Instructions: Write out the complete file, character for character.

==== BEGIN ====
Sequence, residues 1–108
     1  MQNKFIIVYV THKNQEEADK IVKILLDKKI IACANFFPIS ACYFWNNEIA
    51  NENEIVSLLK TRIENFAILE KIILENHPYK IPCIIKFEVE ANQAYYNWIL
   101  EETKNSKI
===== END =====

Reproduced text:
Sequence, residues 1–108
     1  MQNKFIIVYV THKNQEEADK IVKILLDKKI IACANFFPIS ACYFWNNEIA
    51  NENEIVSLLK TRIENFAILE KIILENHPYK IPCIIKFEVE ANQAYYNWIL
   101  EETKNSKI